"We believe he can fill this role really effectively," Boone said. "It's important for him to come out and make pitches and pitch well. We really like where he's at and the way he's throwing the ball right now."
Cessa, 26, scattered four hits without a walk in the outing. Though most of the spots in the Yankees' elite bullpen are spoken for, there is conceivably at least one vacancy behind Dellin Betances, Zack Britton, Aroldis Chapman, Jonathan Holder and Adam Ottavino.
Boone will need a pitcher capable of providing distance or a spot start, and Cessa is competing against Domingo German and Jonathan Loaisiga to win that opportunity. Cessa's contract status could work in his favor, as he is out of Minor League options, unlike German and Loaisiga.
"I try to not think too much about that," Cessa said. "The last two years, I put too much pressure on myself. I'm staying focused on my work, working hard every day, and when I have the opportunity to pitch, I try to do my best."
Cessa compiled a 5.24 ERA in 16 big league appearances last season, spanning 44 2/3 innings, and said that pitching coach Larry Rothschild has advised him to work on his fastball command. Cessa did that during the offseason and has continued this spring.
"Even though he throws hard, he gets in trouble with his fastball when he misses with it," Boone said. "I think that's what has gotten him in trouble when he's struggled at times. We've also seen him incredibly dynamic, and when he gets it rolling, his breaking ball really plays, and the fastball when he can command it. I think he's going to play a big role for us this year."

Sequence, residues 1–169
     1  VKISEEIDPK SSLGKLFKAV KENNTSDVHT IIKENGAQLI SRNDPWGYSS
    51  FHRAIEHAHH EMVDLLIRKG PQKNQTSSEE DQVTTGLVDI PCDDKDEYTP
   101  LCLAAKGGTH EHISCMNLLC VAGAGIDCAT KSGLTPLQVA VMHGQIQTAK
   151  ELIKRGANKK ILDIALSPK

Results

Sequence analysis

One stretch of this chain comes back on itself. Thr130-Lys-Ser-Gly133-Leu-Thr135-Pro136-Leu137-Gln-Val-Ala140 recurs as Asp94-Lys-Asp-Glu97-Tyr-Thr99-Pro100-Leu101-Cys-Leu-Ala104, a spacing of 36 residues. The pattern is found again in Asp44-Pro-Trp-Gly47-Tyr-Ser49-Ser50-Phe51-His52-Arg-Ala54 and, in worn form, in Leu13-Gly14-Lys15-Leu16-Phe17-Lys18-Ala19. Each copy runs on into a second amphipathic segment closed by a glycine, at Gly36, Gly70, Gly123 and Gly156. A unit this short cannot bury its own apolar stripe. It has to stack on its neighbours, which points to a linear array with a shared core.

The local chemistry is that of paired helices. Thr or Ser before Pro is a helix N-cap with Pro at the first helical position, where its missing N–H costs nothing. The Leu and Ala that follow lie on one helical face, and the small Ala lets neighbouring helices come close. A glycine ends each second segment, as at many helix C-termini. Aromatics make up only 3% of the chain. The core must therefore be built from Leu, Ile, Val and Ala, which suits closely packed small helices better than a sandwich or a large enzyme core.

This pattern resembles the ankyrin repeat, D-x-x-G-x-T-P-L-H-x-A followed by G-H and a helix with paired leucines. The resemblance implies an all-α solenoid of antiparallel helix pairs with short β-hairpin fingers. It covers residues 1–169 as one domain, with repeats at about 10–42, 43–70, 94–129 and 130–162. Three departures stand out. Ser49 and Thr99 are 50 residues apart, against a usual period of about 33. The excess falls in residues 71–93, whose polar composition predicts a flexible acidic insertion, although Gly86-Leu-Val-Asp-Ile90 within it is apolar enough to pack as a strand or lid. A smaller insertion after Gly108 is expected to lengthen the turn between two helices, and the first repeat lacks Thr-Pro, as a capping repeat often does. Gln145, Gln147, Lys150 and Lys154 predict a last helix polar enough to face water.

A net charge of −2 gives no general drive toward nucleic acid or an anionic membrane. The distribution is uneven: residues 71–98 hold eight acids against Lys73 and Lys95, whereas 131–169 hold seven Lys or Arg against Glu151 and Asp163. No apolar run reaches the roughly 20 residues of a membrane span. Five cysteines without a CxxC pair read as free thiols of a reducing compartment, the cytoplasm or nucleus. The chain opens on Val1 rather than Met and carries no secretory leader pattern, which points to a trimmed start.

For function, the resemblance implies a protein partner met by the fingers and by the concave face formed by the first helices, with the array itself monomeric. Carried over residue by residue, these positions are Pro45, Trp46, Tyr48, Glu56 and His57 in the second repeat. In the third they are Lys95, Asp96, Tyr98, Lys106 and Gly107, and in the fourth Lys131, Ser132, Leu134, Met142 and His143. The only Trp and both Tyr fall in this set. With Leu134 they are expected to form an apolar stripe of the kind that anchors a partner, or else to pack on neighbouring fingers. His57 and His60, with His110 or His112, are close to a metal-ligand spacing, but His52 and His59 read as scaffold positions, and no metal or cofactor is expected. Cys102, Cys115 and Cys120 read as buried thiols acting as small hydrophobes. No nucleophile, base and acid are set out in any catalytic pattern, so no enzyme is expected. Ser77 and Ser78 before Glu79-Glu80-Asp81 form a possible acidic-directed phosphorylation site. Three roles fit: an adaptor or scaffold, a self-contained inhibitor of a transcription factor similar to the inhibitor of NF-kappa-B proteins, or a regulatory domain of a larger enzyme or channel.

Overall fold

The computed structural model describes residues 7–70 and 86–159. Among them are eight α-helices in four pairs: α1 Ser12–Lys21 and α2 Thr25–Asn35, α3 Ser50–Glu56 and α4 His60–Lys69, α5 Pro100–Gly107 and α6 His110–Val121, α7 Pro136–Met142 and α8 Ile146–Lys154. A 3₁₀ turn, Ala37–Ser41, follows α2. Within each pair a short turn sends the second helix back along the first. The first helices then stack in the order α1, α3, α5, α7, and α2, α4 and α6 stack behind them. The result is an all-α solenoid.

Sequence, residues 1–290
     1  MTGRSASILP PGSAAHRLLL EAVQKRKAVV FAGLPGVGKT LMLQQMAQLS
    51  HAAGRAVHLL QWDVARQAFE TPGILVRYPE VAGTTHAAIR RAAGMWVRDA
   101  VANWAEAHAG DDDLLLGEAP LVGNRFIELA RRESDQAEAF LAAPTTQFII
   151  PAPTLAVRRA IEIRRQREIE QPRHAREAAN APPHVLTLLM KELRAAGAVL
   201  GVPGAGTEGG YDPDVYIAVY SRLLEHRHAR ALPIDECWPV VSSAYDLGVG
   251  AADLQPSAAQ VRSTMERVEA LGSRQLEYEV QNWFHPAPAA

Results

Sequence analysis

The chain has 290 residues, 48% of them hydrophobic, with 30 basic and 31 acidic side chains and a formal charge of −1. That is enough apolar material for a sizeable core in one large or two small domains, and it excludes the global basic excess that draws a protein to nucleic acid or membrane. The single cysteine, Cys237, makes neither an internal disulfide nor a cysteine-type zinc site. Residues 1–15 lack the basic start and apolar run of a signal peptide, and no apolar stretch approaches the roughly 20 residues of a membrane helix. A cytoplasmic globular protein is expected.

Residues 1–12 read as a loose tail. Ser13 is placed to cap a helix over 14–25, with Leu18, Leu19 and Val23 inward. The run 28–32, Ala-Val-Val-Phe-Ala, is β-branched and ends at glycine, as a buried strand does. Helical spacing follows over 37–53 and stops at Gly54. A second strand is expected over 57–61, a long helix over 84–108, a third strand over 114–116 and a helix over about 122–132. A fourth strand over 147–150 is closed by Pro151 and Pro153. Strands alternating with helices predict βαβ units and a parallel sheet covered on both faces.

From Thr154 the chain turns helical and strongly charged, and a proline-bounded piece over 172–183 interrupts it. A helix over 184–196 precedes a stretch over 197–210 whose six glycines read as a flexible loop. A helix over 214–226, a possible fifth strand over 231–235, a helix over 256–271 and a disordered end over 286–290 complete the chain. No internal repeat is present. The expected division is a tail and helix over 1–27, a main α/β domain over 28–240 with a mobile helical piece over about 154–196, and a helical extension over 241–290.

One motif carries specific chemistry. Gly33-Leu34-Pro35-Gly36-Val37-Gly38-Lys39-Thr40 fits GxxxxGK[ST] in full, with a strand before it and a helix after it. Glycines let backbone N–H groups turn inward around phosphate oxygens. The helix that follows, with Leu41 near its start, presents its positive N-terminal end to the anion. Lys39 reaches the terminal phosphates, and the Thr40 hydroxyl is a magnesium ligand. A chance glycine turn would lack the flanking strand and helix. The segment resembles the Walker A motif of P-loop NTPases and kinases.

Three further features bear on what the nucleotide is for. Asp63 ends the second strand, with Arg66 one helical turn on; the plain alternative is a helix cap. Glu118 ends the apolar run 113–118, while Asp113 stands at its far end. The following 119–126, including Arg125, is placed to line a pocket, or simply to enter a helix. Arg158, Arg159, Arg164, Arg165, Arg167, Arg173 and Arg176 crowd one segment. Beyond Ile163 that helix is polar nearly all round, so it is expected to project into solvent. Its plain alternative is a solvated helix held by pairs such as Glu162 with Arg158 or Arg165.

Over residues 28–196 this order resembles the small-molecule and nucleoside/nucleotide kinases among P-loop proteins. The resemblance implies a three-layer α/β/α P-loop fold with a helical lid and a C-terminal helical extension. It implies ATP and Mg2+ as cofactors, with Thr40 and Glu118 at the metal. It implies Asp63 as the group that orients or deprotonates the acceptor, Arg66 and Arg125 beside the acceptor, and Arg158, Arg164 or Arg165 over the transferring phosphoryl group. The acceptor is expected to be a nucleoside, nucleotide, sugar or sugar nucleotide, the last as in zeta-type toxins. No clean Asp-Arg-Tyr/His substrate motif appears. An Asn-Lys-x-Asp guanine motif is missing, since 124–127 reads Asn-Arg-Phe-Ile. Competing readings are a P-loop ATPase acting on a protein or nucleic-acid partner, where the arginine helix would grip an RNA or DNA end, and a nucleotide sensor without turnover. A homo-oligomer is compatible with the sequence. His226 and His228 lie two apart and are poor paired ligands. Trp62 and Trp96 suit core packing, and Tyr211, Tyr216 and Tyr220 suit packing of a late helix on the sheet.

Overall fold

Tommy Kahnle impressed the Yankees' coaches with a scoreless inning in Friday's 2-2 tie against the Orioles, striking out each of the three batters he faced. Boone said that Kahnle's velocity was clocked between 95 and 97 mph; according to Statcast, the right-hander averaged 95.1 mph last season, a drop from the 97.8 mph he averaged in 2017.
"That's the best I've seen him throw since I've been here," Boone said. "I thought he didn't have to work to generate the velocity. The life in the zone was really good. He executed some changeups, threw a good slider in there last night. The way the ball is coming out for him, he really feels good about it, and he should. That was exciting to see."
Kahnle reported to camp trimmer, having made changes to his diet regimen, including ending an energy drink habit. Kahnle recently told The Athletic that he was drinking as many as five of the caffeinated beverages per day, but he has cut that to a single cup of coffee.
"I think even though he was bigger last year, he was strong," Boone said. "There's no question we like where his body is now as far as being a little lighter, but I don't think he was ever quite right last year. The way that his arm is working this year, the way his mechanics are, to me, it's working much more efficiently."
• Shortstop Troy Tulowitzki had a mixed day in the field on Saturday, losing a popup that fell for a run-scoring double, but he also dazzled by charging a second-inning Erik Gonzalez chopper and firing across his body for the out.
"We were all taken aback by that play," Boone said. "You can tell he feels very much at home out there. He's very instinctual out there."
• Left-hander Phillip Diehl, a non-roster invitee, was struck in the left side by Jason Martin's eighth-inning liner. Boone said that Diehl was smiling in the dugout after the comebacker, calling the 24-year-old prospect "fearless."
"I think he lulls you to sleep a little bit," Boone said. "He looks young. He looks like a little kid out there, but don't be fooled. He can really pitch. The breaking ball is real, he throws strikes. The fastball is low-90s, but it has characteristics to it. It plays up a little bit."
The Yankees will play a pair of split-squad games on Sunday afternoon, hosting the Tigers in Tampa, Fla. and visiting the Blue Jays in Dunedin, Fla. Masahiro Tanaka will start the home game, opposite Detroit's Daniel Norris. German starts the road game against Toronto's Matt Shoemaker. Both games are set to start at 1:05 p.m. ET.